42. From Story back to Pitch


The return of the 10 slides

YOU DID IT. You took to the stage, brought the audience on a journey, and shared your story to the world. Unless the investors in the audience forced their capital upon you, or unless the customers in the audience kept your phone ringing for weeks, it’s time to revisit your pitch deck.

No, don’t wonder why you just spent ten chapters learning about storytelling only to throw that all away to create yet-another standard pitch. That is not the next step for you.

For you, the challenge is now to weave all the topics of the standard pitch outline into your story. For the five minute stories at Fledge, we don’t have time to include all those topics, and no matter how long you have for your story, you’ll likely find that elements like financial projections and competitive analysis are often not needed to excite an audience once you are telling stories instead of pitching.

In the simplest case, you can take the opening of your story and use it for the problem, solution and customer sections of a pitch, then fall back into the standard pitch format for the rest. I’ve seen that done plenty of times and those pitches do manage to stand out above the crowd of pitches.

To stand out further, you need the character of your story to show up when talking about competition, business model, and financial projections. Sometimes this means retelling the story from a different perspective.

For example, in the appendix you’ll find a pitch for a business plan I wrote but never launched: Concrete Battery. This is a company centered around storing electricity. The first storyline I wrote for that pitch was about Jill, an deep green customer who wants to consume only solar and wind power. Jill’s hole is that solar only produces power during the day and wind only sporadically, but she expects lights to work 24/7/365. This is a story many of us can relate to. However, when trying to explain the go-to-market plan and competition, there is nothing to say about Jill.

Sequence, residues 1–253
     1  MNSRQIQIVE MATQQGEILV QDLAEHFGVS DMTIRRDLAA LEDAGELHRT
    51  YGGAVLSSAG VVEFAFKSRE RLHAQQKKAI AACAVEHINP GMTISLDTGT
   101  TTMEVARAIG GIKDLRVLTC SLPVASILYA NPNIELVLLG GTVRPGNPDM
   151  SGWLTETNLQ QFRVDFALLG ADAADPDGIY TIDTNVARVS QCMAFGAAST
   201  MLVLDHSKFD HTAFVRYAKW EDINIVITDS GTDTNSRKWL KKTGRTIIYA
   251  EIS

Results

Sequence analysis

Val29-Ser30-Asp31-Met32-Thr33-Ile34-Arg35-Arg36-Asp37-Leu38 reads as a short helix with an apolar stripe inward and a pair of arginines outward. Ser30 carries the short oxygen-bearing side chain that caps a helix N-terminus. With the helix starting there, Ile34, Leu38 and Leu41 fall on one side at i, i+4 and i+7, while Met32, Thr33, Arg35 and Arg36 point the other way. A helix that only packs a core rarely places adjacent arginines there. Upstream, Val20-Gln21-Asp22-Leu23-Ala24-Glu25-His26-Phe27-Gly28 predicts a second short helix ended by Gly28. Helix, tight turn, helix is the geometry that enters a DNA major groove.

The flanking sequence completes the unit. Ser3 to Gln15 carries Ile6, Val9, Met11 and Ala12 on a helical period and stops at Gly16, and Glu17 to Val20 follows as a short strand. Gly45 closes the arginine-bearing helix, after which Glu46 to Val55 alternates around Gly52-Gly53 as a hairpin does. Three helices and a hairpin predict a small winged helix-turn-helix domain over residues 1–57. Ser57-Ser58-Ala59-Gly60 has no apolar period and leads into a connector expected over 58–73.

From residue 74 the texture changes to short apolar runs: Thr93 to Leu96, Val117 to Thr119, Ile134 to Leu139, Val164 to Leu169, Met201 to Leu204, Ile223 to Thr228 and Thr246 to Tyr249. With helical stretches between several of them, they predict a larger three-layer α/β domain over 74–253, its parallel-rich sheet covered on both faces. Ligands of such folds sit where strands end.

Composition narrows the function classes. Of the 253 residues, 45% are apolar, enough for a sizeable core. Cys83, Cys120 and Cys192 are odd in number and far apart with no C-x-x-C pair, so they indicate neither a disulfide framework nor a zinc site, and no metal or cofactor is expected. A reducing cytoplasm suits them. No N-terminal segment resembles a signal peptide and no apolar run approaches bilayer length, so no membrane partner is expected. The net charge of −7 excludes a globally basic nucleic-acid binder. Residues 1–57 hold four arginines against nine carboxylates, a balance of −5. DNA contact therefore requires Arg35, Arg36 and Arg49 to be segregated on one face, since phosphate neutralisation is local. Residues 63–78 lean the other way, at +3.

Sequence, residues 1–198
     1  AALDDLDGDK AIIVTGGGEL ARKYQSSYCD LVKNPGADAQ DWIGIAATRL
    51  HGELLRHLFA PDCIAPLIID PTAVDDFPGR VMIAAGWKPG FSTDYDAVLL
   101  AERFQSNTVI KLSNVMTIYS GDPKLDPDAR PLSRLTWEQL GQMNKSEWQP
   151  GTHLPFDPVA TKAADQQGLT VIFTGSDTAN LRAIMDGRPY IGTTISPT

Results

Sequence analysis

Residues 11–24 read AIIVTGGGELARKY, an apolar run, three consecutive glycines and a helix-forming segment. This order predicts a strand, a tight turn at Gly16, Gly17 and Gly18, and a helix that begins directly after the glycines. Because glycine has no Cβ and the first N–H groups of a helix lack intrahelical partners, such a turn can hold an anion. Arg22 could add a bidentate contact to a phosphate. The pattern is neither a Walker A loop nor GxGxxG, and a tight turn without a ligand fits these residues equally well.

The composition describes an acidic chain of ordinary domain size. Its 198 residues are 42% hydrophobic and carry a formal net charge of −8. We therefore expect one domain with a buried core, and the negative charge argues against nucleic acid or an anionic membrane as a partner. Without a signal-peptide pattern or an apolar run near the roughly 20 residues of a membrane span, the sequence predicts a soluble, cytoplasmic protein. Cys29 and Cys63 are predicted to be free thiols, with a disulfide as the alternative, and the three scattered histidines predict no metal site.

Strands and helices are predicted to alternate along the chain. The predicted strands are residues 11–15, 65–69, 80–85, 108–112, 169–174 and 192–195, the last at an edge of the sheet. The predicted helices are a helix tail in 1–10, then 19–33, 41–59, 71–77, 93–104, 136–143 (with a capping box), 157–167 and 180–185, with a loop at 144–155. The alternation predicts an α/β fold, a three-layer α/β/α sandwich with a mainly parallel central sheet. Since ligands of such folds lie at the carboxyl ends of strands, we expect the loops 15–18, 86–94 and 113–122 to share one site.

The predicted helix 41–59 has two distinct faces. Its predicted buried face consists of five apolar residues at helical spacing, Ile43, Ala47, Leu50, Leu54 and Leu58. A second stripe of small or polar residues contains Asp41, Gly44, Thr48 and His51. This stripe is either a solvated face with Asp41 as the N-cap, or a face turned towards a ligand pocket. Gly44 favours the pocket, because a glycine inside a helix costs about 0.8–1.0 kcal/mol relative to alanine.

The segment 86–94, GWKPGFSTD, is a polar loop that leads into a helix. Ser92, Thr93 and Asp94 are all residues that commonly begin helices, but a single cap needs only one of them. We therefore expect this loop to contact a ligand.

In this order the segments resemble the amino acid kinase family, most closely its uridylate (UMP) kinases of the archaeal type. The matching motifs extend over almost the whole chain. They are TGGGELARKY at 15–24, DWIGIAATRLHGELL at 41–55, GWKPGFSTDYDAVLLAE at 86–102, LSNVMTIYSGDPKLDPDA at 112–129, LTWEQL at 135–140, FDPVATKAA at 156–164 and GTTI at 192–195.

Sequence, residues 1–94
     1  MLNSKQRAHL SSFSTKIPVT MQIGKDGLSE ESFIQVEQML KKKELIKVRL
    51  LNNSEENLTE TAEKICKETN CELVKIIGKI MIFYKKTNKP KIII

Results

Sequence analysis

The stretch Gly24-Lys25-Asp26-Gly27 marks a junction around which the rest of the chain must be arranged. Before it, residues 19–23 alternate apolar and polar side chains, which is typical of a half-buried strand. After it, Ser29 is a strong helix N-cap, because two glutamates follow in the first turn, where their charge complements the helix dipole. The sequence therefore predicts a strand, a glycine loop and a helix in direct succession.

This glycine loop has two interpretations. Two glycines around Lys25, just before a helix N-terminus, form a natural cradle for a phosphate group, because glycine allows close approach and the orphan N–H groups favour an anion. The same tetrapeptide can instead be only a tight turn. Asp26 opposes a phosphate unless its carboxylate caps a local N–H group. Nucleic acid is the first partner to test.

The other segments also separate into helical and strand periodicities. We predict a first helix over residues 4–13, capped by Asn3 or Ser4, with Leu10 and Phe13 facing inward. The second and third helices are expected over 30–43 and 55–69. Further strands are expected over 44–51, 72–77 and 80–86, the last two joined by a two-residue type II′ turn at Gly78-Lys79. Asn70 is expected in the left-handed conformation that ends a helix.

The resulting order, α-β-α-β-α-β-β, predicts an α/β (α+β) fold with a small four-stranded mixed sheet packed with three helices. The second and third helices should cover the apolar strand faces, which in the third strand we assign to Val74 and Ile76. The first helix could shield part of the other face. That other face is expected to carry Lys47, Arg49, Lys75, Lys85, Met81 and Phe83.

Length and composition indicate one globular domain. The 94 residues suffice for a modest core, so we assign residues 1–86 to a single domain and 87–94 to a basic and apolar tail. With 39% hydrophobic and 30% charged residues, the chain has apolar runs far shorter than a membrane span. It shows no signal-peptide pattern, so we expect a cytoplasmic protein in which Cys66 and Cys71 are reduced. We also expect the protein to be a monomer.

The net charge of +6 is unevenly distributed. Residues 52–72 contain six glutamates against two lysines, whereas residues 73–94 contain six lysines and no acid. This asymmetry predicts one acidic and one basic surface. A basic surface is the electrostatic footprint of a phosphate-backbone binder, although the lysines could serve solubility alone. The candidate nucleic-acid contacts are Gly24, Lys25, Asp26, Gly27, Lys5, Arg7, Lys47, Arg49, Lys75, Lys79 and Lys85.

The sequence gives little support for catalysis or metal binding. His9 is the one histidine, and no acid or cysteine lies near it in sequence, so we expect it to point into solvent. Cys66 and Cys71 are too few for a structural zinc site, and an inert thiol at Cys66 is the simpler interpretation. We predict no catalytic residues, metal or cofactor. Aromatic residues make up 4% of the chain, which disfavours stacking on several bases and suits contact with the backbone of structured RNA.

To have the character make it through every topic, I rewrote the story from the perspective of Chuck, the person at the electric company responsible for implementing renewable energy, responsible for keeping the lights on for his customers 7/24/365. Chuck isn’t as relatable to most audiences, but every part of the pitch can relate back to Chuck, as he is the target customer, he knows the competition, and he is ultimately the hero in his organization if he buys and implements the Concrete Battery products (if only it existed).

For Paniel Meat Processing and Livestock Bank, the on-stage story is told from Herve’s perspective. As those stories get split into two separate company pitches, the characters for Paniel Meat Processing needs to be the meat-eating customers, and the characters for Livestock Bank, the farmers.

Retelling stories from different perspectives can give you more insight into the story itself. If you’ve not already tried telling your stories from the point of view of yourself, your customers, your vendors, and your partners, its time for yet-another variation and iteration, to see which is the best way to pitch your idea.


HardcoverThe Next StepThe Next StepThe Next StepThe Next Step The Next StepThe Next StepThe Next Step



Recent blog posts